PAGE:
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Toward Inclusivity in Birding: Forum Discusses Renaming Eponymous Birds

By Gustave Axelson
Bachman's Sparrow by Pawel Michalak/Macaulay Library.
The Bachman’s Sparrow was once called the Pine-woods Sparrow, and may be again. Photo by Pawel Michalak/Macaulay Library.

From the Summer 2021 issue of Living Bird magazine. Subscribe now.

On the vexing issue of birds named after people in history, the esteemed Kenn Kaufman—author of the Kaufman Field Guide to Birds of North America—broke it down with an example of birding with Black friends in Georgia.

“[If] we see a Bachman’s Sparrow, we’re all aware of the fact that John Bachman wrote some really ugly things in support of white supremacy,” Kaufman said. “That bird used to be called Pine-woods Sparrow … Why not just change it back?”

Kaufman was speaking at a virtual panel discussion on April 16 about the prospect of changing eponymous common names for birds (or birds named after people). The Community Congress on English Bird Names was hosted by the American Ornithological Society’s Diversity and Inclusion Committee via Zoom, and attracted nearly 600 viewers. The unanimous sentiment among the 15-person panel—which featured birders, scientists, field guide authors, and other experts from the U.S. and Canada—was that changes need to be made among more than 100 eponymous bird names for North American species to make birding more welcoming and inclusive to all.

But how much change, and how fast? As some scientists on the panel cautioned, any name changes need to be conducted in an orderly manner to avoid impacts to science and conservation. Put simply, the landmark Science research showing that North America has lost 3 billion birds since 1970 wouldn’t have been possible if all the data sources couldn’t rely on a unified, comparable set of bird names.

Watch a recording of the Community Congress on English Bird Names, organized by the American Ornithological Society Diversity and Inclusion Committee.

One bird’s name change in the summer of 2020 perhaps paved the way for balancing inclusivity and order, when the AOS North American Classification Committee announced that the former McCown’s Longspur would henceforth be known as the Thick-billed Longspur. John McCown first collected the species for science in 1851, but later chose to join the Confederate Army during the Civil War. The change was made after birders campaigned to remove McCown’s name from the bird, and after the classification committee revised its guidelines for bird names—adding considerations for “present-day ethical principles” when considering changing English common bird names that create “ongoing harm.”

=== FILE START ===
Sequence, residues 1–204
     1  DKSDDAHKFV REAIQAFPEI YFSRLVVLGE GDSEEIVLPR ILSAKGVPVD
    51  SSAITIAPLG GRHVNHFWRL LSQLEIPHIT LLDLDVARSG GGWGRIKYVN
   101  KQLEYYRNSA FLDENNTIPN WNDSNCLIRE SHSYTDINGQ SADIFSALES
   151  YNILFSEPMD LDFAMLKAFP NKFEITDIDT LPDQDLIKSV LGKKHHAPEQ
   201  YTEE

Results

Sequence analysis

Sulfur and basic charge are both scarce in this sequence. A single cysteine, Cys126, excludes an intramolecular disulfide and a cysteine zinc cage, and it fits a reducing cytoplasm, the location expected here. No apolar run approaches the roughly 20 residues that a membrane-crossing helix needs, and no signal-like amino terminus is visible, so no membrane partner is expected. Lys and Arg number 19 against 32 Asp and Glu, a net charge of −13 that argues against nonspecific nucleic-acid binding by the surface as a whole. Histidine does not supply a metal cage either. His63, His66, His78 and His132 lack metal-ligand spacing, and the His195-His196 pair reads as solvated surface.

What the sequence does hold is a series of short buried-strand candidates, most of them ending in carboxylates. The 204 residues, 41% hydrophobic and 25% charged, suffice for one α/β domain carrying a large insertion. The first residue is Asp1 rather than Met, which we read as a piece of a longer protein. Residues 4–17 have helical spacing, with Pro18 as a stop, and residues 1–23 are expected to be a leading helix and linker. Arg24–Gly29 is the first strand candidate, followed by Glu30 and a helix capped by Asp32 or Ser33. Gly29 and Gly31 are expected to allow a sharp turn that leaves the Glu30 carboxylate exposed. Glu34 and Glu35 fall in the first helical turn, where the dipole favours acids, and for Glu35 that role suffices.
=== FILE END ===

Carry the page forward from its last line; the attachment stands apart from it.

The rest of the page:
The longspur’s renaming kicked off a larger dialogue within the birding community about changing other eponymous bird names with ties to racism. A grassroots movement called Bird Names for Birds formed to push the issue even farther, calling for changing all eponymous bird names. Jordan Rutter, one of the group’s founders, also spoke at the panel event.

“Eponymous names don’t reflect the welcoming and inclusive community we know birding can be,” Rutter said. She said that she believes the current system for determining common bird names reflects colonialism in ornithological history. Nearly every North American bird name tied to a person can be traced back to a white American or European naturalist.

“Every eponymous common name needs to go,” Rutter said. “We know that won’t happen quickly. And to be done right, it shouldn’t happen quickly … but it needs to happen.”

Rutter said she thinks a process for changing eponymous bird names could be a rallying moment for birders: “We have an incredible opportunity ahead of us that could truly unite every bird community member. … What if we could inspire the next generation and create a ripple effect of people who care about birds?”

Williamson's Sapsucker by Pierre Deviche/Macaulay Library.